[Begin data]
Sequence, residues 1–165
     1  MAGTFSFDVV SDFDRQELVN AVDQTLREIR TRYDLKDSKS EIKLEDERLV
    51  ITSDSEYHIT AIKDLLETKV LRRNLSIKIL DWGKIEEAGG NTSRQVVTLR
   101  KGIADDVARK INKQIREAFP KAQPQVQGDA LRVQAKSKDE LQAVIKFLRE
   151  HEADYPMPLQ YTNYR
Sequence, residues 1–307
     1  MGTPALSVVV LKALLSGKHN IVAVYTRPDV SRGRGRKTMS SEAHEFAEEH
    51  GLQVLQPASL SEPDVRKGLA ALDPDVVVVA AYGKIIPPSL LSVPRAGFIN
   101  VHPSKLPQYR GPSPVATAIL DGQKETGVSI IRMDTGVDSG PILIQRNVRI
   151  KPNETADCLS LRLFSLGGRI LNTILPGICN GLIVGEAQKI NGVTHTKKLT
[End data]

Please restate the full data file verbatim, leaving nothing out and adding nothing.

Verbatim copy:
Sequence, residues 1–165
     1  MAGTFSFDVV SDFDRQELVN AVDQTLREIR TRYDLKDSKS EIKLEDERLV
    51  ITSDSEYHIT AIKDLLETKV LRRNLSIKIL DWGKIEEAGG NTSRQVVTLR
   101  KGIADDVARK INKQIREAFP KAQPQVQGDA LRVQAKSKDE LQAVIKFLRE
   151  HEADYPMPLQ YTNYR
Sequence, residues 1–307
     1  MGTPALSVVV LKALLSGKHN IVAVYTRPDV SRGRGRKTMS SEAHEFAEEH
    51  GLQVLQPASL SEPDVRKGLA ALDPDVVVVA AYGKIIPPSL LSVPRAGFIN
   101  VHPSKLPQYR GPSPVATAIL DGQKETGVSI IRMDTGVDSG PILIQRNVRI
   151  KPNETADCLS LRLFSLGGRI LNTILPGICN GLIVGEAQKI NGVTHTKKLT